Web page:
Hunting Venus

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Hunting Venus
Genre Drama/comedy
Written by Nick Vivian
Directed by Martin Clunes
Composer(s) Jools Holland
Production
Executive producer(s) David Reynolds
Producer(s) Philippa Braithwaite
Cinematography Paul Wheeler
Editor(s) Hugh Boyson
Running time 115 minutes
Production company(s) Buffalo Pictures for Yorkshire Television
Release
Original network ITV
Original release 31 March 1999 (1999-03-31)

Hunting Venus is a British television comedy-drama starring Martin Clunes and Neil Morrissey as former members of a 1980s new romantic pop group. The one-off drama was broadcast on ITV on 31 March 1999, and was produced by Buffalo Pictures for Yorkshire Television.

The plot follows former pop-star turned con artist Simon Delancey (Clunes) is kidnapped by two fans of his eighties band the Venus Hunters, and blackmailed to re-form the band for one final performance, live on television.

It features cameos from a number of new romantic pop stars, including Simon Le Bon (with his wife Yasmin Le Bon), Tony Hadley, Gary Numan, and Phil Oakey. Jools Holland also appears, as himself, and also wrote the song "Starburst", The Venus Hunters' biggest hit.

A compilation album was also released by Columbia to accompany the drama featuring songs from the 1980s. The Hunting Venus song "Starburst" was included.[1]

Cast[edit]

Reception[edit]

Sam Wollaston of The Guardian felt the film "started promisingly" and "ended splendidly", however concluded that Hunting Venus "didn't really work because it's asking too much of one joke to keep it going for nearly two hours, and pastiche isn't that funny anyway, is it?" He added: "When you've got Martin Clunes and Neil Morrissey in something, you expect it to be as good as Men Behaving Badly. Which it wasn't. And Jane Horrocks as Cassandra was better than both of them."[2]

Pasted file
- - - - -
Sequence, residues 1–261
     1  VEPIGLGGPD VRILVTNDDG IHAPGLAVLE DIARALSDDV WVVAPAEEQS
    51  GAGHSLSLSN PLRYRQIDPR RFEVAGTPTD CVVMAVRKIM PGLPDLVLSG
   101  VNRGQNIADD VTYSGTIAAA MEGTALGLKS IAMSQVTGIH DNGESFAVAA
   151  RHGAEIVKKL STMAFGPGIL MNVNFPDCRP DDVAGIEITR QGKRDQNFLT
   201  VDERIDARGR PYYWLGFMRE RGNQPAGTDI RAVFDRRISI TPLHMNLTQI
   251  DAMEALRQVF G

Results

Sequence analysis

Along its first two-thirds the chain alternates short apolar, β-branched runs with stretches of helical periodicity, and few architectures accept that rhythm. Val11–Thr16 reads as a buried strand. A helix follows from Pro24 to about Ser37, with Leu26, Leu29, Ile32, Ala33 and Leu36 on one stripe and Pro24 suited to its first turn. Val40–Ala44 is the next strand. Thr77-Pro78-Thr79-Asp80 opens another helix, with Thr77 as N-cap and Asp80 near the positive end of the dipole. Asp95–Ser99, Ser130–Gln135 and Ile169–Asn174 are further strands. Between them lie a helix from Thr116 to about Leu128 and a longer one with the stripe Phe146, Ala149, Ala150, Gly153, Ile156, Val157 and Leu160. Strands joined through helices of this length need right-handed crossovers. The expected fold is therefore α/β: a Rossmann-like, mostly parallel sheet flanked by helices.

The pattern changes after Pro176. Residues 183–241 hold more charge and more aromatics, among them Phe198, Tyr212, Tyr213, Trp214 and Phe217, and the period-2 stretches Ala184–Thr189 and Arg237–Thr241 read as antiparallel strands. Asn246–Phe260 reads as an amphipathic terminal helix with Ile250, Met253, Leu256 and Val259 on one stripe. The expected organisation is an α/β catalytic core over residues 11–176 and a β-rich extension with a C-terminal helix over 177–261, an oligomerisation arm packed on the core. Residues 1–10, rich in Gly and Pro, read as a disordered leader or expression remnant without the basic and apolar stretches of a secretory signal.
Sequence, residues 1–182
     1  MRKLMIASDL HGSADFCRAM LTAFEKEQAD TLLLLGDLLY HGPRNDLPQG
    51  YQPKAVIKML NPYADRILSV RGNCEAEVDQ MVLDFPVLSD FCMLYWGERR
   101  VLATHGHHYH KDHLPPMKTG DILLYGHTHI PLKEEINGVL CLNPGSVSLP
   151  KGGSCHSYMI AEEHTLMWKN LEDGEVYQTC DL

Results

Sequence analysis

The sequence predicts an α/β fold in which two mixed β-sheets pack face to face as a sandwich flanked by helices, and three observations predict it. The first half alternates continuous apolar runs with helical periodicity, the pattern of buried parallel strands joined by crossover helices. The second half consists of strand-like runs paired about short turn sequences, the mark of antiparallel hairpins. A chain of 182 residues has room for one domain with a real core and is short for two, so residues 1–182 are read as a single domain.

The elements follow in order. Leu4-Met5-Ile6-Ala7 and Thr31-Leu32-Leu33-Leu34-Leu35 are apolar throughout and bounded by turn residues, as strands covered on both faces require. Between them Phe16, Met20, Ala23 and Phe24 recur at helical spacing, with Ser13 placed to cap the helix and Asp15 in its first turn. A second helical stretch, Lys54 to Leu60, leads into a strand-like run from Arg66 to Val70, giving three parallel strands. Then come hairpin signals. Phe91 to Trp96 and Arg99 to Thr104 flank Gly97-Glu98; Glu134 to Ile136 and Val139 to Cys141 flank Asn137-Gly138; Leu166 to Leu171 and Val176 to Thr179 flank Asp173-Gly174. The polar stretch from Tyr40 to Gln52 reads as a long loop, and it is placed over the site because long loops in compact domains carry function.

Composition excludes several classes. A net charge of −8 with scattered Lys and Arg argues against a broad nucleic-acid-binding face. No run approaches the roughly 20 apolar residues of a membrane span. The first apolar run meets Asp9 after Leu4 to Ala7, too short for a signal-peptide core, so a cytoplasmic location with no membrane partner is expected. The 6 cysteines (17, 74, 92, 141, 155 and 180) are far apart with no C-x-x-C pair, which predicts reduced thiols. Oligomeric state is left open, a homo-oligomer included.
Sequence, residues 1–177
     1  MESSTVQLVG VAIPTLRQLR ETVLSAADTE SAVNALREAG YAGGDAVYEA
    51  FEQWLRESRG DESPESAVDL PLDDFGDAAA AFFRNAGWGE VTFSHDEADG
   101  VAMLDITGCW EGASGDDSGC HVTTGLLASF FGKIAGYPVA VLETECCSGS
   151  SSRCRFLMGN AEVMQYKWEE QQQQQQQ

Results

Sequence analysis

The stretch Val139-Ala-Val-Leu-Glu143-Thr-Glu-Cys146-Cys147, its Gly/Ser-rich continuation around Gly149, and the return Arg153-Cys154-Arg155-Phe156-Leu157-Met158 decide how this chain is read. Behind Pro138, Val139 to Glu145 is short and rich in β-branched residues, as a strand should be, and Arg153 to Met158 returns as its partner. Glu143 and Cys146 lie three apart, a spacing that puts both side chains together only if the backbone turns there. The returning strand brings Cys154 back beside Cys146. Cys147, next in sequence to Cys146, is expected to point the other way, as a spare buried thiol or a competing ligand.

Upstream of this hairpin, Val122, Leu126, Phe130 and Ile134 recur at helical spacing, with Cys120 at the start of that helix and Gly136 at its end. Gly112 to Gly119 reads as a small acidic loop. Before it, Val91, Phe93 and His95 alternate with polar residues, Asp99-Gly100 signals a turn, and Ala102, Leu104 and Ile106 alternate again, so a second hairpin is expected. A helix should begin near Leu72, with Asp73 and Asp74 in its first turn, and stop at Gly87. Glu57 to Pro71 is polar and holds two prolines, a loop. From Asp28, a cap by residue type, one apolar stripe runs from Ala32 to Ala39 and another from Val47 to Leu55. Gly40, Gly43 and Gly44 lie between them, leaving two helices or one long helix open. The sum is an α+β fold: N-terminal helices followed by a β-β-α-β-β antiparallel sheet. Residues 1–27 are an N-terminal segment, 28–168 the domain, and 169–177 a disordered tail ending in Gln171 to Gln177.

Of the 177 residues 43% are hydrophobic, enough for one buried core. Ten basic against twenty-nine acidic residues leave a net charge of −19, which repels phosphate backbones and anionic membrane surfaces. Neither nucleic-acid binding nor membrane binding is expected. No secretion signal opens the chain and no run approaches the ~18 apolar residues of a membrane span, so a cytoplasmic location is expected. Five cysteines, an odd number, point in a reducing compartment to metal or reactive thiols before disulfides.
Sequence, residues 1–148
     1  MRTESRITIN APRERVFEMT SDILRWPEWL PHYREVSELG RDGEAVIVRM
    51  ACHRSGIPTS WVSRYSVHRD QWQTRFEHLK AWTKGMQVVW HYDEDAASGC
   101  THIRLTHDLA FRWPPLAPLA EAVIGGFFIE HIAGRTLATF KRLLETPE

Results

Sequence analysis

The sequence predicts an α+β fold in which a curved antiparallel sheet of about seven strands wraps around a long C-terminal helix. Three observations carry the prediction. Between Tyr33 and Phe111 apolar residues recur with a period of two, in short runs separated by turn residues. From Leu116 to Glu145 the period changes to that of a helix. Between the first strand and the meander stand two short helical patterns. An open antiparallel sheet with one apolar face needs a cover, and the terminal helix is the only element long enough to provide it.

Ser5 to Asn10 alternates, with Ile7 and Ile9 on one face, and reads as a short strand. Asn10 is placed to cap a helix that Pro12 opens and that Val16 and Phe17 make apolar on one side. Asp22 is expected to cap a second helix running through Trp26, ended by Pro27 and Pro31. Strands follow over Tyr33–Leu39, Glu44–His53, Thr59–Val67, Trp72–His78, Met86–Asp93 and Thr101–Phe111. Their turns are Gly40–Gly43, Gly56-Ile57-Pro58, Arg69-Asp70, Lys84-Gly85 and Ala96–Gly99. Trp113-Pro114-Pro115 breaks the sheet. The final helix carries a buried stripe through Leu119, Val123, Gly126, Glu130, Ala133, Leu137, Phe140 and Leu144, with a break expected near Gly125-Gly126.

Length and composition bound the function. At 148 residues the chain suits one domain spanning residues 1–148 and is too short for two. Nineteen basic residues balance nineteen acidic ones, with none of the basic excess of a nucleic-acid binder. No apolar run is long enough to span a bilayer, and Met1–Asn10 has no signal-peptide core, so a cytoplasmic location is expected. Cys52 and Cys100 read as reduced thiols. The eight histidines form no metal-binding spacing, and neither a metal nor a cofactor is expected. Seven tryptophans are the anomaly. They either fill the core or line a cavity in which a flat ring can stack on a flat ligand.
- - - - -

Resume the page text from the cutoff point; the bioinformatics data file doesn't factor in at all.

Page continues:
Robert Hanks of The Independent commented that the film had a lot of "incidental pleasures" along with "one or two deft jokes about the 1980s - plus a handful of star cameos". However, he felt that the film "seemed oddly short of allusions" to the 1980s and contained "some very old-fashioned attitudes". Hanks summarised: "What the film did get right was the way that nostalgia lends cheap music its potency, and elevates our personal tragedies over world events - for the characters here, the summer of 1982 was about losing your virginity and "Hungry Like the Wolf" getting into the charts, not about the Falklands War. But it didn't need to take two hours to make that point; this was a story of lost times in a way it didn't intend."[3]

References[edit]

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